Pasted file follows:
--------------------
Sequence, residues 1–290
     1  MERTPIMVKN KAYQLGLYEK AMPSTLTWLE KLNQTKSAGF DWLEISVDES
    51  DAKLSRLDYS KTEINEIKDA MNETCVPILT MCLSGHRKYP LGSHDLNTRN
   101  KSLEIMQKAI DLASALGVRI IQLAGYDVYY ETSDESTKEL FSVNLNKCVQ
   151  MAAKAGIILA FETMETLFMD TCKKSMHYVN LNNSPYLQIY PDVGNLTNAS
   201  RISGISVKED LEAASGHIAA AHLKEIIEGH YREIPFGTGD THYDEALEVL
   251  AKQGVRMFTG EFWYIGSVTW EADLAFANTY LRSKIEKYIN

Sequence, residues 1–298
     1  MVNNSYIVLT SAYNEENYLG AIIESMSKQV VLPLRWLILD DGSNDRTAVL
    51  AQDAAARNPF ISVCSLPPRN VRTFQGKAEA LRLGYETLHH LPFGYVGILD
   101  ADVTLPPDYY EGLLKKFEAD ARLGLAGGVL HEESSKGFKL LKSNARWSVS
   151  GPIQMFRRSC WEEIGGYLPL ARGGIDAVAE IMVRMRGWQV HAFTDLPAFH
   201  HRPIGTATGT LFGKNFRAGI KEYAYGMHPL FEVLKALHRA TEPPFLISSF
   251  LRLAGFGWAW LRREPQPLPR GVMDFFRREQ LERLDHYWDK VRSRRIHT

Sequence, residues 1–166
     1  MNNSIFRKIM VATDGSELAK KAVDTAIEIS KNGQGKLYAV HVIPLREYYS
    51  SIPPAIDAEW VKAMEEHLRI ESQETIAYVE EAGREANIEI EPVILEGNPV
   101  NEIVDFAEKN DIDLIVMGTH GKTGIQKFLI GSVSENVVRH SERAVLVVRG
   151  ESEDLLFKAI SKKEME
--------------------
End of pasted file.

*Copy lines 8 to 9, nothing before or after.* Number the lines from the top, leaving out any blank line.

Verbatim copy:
Sequence, residues 1–298
     1  MVNNSYIVLT SAYNEENYLG AIIESMSKQV VLPLRWLILD DGSNDRTAVL